I awoke the next evening with a headache. Frustrated it did not work, and frustrated about what was to come, I staggered to the bathroom and cut my left wrist several times with a razor blade. I then vomited over and over. My flatmate found me in the shower, crying, holding my arm with a towel. It was not so much the appeal of taking my own life than wanting to escape consciousness. How lucky I would be to fall asleep forever, I thought, and not have to face the days.
I promptly moved back to New Zealand. I had no immediate family living there. Thankfully, however, I did have the support of some very close friends whose families looked after me as I tried to get my world back into focus. It was a confusing period of adjustment. I had no sense of what parts of my depression arose from my mum’s passing, a family history of susceptibility, sleepless nights, protracted hangovers, post-graduation existential concerns, and which parts were invented. The sense of isolation persisted.
Life, having tried to bury it under my tongue, was divided into fortnightly prescriptions and weekly visits to doctors and psychologists. I hated seeing medical professionals. Doctors, I felt, could not help me. Each week, the same story of how my anti-depressants were not taking effect was met with a prescription for a higher dose. My head was always muddled. My face in the mirror remained disconnected. No matter how many steps I took, I remained in the same place each week, seated in a sterile consultation room, feeling nothing.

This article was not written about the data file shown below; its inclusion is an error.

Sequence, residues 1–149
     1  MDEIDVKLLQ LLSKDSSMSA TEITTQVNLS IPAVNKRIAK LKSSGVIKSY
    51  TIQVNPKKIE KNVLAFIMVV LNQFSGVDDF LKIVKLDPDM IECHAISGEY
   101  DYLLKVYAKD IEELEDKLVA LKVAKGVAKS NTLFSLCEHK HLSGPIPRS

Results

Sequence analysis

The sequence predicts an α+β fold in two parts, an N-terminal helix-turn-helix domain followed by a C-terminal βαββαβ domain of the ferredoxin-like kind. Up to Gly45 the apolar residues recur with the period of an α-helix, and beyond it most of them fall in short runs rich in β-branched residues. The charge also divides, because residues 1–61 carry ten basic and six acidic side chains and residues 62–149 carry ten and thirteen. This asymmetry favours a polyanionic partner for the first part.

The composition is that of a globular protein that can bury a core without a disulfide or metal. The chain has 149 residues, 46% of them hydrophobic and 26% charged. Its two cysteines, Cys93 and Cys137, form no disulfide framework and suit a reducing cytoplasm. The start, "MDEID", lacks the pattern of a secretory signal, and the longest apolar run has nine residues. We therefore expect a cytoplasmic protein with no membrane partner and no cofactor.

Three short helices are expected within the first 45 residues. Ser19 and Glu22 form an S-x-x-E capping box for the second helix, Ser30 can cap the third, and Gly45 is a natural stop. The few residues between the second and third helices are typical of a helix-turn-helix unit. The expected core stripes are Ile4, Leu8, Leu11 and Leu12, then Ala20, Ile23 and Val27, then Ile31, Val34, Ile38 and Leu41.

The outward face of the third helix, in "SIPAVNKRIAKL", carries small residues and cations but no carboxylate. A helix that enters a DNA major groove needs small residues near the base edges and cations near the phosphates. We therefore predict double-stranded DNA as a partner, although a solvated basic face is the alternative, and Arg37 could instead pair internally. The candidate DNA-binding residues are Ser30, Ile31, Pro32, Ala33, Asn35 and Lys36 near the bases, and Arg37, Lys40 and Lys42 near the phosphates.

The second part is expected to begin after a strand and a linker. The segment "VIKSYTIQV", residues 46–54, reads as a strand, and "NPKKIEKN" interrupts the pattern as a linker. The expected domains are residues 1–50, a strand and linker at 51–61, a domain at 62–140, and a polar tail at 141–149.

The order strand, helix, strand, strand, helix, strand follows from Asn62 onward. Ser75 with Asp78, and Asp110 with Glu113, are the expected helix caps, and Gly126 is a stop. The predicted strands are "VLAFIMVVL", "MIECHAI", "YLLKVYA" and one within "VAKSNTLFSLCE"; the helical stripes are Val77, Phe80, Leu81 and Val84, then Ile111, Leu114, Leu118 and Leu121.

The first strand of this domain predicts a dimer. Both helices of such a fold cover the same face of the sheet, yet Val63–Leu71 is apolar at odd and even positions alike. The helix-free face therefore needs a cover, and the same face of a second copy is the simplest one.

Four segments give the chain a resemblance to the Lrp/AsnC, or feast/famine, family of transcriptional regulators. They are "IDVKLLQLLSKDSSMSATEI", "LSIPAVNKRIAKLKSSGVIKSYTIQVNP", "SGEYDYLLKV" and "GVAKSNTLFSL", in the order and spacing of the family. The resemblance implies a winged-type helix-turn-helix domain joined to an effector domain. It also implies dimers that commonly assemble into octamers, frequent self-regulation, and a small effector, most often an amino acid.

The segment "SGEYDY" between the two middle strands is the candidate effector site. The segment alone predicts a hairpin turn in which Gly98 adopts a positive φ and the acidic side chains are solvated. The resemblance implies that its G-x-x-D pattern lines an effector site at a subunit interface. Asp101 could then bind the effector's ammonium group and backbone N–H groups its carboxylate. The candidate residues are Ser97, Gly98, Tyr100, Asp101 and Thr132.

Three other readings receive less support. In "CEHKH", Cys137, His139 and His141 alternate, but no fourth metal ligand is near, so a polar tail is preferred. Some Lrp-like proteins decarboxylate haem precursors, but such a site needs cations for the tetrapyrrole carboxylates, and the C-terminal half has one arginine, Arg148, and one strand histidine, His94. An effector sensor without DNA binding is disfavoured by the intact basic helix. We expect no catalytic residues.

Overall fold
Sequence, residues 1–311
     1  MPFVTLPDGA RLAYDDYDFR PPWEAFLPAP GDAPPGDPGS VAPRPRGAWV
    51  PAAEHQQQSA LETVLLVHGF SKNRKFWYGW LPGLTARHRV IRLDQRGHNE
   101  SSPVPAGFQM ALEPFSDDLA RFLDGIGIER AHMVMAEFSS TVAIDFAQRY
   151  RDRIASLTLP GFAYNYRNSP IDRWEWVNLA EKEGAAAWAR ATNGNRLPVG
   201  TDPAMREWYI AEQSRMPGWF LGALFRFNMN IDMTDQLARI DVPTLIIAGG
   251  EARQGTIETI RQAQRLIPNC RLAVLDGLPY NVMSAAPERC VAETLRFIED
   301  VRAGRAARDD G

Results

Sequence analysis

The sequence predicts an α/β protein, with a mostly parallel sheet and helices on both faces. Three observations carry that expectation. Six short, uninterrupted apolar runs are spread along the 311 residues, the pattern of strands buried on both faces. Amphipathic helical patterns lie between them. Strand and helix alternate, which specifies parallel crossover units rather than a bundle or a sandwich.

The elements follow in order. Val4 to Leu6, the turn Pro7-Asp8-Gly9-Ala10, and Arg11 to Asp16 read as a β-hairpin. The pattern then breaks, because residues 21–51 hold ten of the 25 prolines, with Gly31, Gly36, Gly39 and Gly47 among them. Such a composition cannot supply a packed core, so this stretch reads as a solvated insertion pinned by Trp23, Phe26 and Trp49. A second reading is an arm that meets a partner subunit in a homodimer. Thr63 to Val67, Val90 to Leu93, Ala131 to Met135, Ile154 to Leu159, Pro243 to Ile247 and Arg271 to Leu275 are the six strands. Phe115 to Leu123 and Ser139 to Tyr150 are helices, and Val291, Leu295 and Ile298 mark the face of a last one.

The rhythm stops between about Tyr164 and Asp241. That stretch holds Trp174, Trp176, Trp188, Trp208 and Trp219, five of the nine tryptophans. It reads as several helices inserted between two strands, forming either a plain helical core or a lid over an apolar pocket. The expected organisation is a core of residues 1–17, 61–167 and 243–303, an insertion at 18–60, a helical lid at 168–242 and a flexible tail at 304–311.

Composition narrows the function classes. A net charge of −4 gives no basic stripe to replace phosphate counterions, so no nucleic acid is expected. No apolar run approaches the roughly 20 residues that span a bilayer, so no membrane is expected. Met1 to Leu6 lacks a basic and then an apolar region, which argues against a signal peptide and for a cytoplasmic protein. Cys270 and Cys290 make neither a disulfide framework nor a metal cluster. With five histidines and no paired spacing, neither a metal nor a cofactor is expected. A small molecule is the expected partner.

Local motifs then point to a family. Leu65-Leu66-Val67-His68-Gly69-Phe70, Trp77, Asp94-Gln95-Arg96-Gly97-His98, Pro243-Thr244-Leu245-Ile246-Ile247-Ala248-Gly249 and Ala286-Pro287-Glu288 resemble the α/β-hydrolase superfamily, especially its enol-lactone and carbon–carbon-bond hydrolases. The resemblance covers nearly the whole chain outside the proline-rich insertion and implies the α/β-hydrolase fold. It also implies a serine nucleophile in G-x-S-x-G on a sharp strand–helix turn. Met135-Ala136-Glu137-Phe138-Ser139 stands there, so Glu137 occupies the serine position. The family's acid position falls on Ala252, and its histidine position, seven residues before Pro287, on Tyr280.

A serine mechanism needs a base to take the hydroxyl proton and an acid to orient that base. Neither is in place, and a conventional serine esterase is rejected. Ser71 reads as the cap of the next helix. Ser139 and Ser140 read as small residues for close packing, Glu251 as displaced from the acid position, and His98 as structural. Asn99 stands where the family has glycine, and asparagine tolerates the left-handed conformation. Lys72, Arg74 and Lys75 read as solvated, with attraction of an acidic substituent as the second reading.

There was such a difference between each psychologist I saw. One gave me an instructional lecture on the science of depression: how the brain works, the way chemicals are involved, working both inside and outside nerve cells. Another sat in silence, as if waiting for me to burst out in monologue and reveal the full extent of my disastrous thoughts. The expense of private consultations also created an underlying pressure to reach some sort of outcome after each session. I felt guilty and somehow responsible. There were so many things I would say in my head, things no one else could ever know.
It took six months of clumsily articulating my thoughts and feelings until I found an anti-depressant (my fourth type) that actually restored within me a sense of optimism, and a psychologist I could confide in. I stopped drinking and taking illicit drugs. I no longer relied on getting wasted to the point of oblivion every weekend, pretending I was still an undergrad.